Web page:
ELIZABETH RUSH . I am the wife of Thomas Rush, of No. 3, Rachel Court, Whitechapel. I am married to him—we live in the front room on the first floor—I was at work in my room about 9 o'clock on the morning of 17th July—I am a sack maker—I heard a noise, went to the door, and saw the chest burst open, but there was no one there—all the samples of the tea were on the stairs; I gathered it up, and put it into a bag in my room—before I had time to call to any one, a policeman was up, and I gave it to him, and through the fright of it I lost my child—I was taken to the station house—it is now only a fortnight since my confinement.
Cross-examined. Q. Do you say you are married to Thomas Rush? A. Yes—I do not know where he was the night before this tea was brought to the house—I did not see him all night—I did not see him before 12 o'clock the next morning—I was taken to the police station—some boy in the court went with me—I do not know his name—he lives in the bottom room of the same house that I do—he is no relation of mine—I do not know what name he goes by—he is a working chap—he has never been in my room—I know nothing of him—I did not hear him say, at the police station, that he could point out the man that took the tea—there was another girl in the room when the policeman came, that had come up stairs, and another one that was helping me sew some sacks—they all live in the court—I heard a great noise at the door, and then I went and saw this chest—my door was shut, but not locked—I do not know the prisoner—I have seen him passing by—there is no thoroughfare in the court—I do not know where he lives, he does not live in our court—I have seen him passing the top of the lane—I have never seen him in our court—my husband is not here to day, nor the young man Sheen.
Cross-examined. Q. Was any of the tea lost? A. There were 2 lbs. short of the 36 lbs.—I prepared two chests of tea to send—it was not a package that was lost; it was enclosed in a wrapper, and same of it was lost.
COURT. to ANNIE ROBERTS. Q. How was the prisoner dressed at the time? A. He had on a blue Guernsey.
GUILTY .**— Confined Nine Months.
MR. HORRY. conducted the Prosecution.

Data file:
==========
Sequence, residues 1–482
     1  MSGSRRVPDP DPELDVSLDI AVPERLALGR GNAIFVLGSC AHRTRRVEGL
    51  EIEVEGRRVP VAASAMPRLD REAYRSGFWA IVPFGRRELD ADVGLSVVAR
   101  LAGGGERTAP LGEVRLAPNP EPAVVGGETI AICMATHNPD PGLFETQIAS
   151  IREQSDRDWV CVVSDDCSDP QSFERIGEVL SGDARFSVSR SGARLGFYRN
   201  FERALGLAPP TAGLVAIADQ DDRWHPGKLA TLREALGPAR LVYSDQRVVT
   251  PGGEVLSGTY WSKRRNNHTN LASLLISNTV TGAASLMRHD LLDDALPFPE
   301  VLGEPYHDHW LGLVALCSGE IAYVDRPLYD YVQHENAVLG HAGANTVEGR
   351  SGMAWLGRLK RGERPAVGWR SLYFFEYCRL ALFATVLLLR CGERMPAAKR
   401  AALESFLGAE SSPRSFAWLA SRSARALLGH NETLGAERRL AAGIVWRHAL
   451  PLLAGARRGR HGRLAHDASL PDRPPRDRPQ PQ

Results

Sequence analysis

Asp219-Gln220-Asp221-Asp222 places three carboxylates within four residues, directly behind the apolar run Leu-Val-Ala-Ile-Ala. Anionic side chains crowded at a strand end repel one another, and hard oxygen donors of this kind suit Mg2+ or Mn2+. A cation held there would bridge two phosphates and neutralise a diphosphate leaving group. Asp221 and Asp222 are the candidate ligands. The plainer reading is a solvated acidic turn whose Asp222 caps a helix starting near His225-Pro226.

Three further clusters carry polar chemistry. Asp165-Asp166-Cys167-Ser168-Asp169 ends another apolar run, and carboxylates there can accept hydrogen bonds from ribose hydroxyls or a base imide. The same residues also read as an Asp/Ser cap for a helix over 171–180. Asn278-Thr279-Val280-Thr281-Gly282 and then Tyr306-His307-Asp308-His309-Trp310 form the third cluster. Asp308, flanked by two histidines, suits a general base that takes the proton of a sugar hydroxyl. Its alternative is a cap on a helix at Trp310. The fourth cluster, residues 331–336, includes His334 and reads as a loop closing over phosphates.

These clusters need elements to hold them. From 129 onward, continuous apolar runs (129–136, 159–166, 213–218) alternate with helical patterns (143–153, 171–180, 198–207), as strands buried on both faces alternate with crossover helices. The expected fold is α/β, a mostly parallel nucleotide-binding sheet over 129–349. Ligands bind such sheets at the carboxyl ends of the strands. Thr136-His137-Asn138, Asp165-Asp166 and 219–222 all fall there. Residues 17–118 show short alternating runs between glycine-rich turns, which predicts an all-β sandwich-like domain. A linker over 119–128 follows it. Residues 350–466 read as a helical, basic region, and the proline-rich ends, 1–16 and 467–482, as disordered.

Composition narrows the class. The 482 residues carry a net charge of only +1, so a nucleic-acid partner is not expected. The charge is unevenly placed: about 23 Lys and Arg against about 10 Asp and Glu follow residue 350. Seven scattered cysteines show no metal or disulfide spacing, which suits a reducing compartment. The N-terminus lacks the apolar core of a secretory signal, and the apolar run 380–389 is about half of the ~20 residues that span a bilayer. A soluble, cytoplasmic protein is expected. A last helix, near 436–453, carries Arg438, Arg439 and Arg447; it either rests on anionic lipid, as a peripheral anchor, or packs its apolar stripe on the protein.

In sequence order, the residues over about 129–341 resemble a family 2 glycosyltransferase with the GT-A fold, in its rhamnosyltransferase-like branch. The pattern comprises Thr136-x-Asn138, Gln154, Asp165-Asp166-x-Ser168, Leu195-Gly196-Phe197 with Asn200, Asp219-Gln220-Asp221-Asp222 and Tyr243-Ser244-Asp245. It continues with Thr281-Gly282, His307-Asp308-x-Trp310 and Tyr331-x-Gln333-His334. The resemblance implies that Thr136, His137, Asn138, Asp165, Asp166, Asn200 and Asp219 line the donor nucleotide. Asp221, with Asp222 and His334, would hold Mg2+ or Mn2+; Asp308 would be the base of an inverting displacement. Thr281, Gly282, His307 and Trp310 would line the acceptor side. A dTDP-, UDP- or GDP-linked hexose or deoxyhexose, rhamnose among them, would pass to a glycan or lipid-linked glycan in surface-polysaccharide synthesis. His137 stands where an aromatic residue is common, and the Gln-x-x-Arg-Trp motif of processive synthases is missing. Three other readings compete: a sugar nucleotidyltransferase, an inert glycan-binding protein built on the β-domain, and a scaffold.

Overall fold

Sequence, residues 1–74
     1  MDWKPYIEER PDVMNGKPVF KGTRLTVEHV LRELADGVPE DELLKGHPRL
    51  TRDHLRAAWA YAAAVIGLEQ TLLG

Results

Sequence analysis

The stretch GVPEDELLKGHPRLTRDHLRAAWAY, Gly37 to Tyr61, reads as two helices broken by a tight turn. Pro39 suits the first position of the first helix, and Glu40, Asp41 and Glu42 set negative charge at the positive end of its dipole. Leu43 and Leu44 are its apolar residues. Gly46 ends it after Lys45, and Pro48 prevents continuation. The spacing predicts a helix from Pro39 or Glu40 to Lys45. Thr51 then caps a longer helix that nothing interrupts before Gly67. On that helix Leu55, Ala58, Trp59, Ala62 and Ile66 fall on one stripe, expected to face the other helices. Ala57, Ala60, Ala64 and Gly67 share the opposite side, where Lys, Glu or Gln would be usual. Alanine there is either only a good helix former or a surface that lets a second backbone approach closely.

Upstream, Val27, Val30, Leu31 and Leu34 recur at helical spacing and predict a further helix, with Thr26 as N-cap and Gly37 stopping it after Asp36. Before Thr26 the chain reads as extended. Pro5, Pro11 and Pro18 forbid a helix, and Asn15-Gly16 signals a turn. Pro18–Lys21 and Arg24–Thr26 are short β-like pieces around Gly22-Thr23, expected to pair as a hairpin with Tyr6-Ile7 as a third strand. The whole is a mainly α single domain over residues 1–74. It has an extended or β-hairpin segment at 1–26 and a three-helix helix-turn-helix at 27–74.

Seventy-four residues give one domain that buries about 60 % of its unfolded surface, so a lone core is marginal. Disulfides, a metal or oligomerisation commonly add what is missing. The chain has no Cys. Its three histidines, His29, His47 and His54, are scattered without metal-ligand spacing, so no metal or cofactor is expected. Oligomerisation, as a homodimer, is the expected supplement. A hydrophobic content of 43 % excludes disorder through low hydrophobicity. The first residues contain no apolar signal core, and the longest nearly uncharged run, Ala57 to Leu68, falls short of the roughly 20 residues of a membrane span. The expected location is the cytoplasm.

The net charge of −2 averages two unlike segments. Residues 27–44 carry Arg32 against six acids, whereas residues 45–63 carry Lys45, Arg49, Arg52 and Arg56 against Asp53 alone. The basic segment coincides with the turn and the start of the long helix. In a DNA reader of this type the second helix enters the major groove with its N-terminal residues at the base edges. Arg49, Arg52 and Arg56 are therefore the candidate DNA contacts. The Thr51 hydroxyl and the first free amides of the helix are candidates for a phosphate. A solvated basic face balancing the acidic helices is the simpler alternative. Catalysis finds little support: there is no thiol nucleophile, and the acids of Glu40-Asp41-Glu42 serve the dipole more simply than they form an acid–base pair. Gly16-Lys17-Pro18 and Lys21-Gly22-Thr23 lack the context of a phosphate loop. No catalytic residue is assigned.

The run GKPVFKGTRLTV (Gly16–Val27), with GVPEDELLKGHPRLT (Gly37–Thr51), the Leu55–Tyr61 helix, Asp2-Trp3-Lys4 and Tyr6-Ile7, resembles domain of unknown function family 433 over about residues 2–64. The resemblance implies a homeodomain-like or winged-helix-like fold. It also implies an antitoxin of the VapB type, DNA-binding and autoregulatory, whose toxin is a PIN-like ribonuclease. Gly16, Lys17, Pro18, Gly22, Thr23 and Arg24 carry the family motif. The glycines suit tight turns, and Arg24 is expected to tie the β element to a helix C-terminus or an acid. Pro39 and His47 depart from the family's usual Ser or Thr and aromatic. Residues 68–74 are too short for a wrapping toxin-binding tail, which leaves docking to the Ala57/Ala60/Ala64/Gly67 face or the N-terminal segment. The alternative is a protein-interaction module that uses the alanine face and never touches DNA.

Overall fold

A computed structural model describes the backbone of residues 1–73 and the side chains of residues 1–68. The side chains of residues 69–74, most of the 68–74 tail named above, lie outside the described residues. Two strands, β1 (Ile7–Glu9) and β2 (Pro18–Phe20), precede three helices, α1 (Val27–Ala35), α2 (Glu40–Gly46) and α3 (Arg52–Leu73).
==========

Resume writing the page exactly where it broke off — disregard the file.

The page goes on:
MICHAEL HAYDON . I am a detective officer. About 7 o'clock on the evening of 6th July I saw the prisoner in Fleet Street, with a parcel under his arm, wrapped in brown paper—I asked him what he had under his arm—he said, "What is that to you?"—I said, "As an officer, it is my business to ask you?"—he said, "I shall not tell you"—I said, "Where did you get it from?"—he said that he should refuse to tell me—I asked him where he was going to take it to—he said that he got it from a countryman of his in the Blackfriars Road, who was gone to Paris—I took him to the station, and found on him three keys, and five more in his shirt—they had all been filed—he gave me an address—I went to the office of Messrs. Woolner and Wylie, in Mark Lane, on the following day—I found this key opened the counting house door on the first floor—while taking him to the station, I had observed that his left hand was employed in doing something under his trowsers—I said, "What keys have yon got!"—he said, "These three," but his shirt was racked up, and when I examined him, I found the five others in it.
Cross-examined by MR. POLAND. Q. When you first spoke to him, were you in plain clothes? A. Yes—this Post Office Directory (produced) was in the parcel.
RICHARD WOOLNER . I am clerk to Messrs. Woolner and Wylie, No. 79, Mark Lane. I live at Roundhill Terrace, Upper Sydenham—I had a Directory in my office; it is like this one—I speak to it generally—there is a number in it, 3, 929—I saw it safe last on the Saturday previous, on a slab attached to the desk, before 2 o'clock—on Saturdays I usually go away about that time—on the Monday I was there till about 5 o'clock—I was the last that left—we shut up when I go, that is about 5 o'clock.
Cross-examined. Q. Can you swear to that Directory? A. No.
EDWARD GEORGE WATKINS . I am one of the travellers to Messrs. Kelly and co., of the directory offices. I have a book with my name in it, in my writing (produced); I find an entry in its referring to the sale of a Directory to Messrs. Woolner and wylie, in my writing—I can swear I supplied them with a Directory, number 3, 929 (Looking at the number)—I swear that I delivered this book to them.
Cross-examined. Q. Is the number in the Directory in ink? A. Yes, and also in a secret place, known only to the firm—the number in Mark Lane where the firm live is 79.
MR. POLAND. to MICHAEL HAYDON. Q. Did he give you an address? A. Yes, "Charles Street, Blackfriars Road;" I knew it was false at the time—afterwards, at the station, I said, "There is no need for sending me over there upon a fool's errand"—he said, "You need not go, because you will disturb my landlady;" but I did go.
GUILTY .—He was further charged with having been before convicted of felony.
MICHAEL HAYDON . I produce a certificate—(Read: "Giuldhall, West-minister; Julian Goodman, Convicted on his own confession, January, 1852, of stealing an inkstand, and two ink bottles")—I know the prisoner—he is the man.
GUILTY.— Four Years Penal Servitude.
OLD COURT.—Friday, August 21st, 1857.
Before Mr. Baron Martin and the First Jury.
879. WILLIAM NORRIS (25) was indicted for stealing 12 lbs. 8ozs. weight of silk, value 25l.; the goods of Benedict Barnard and another, his masters: and JOHN WHALE , Feloniously receiving the same: to which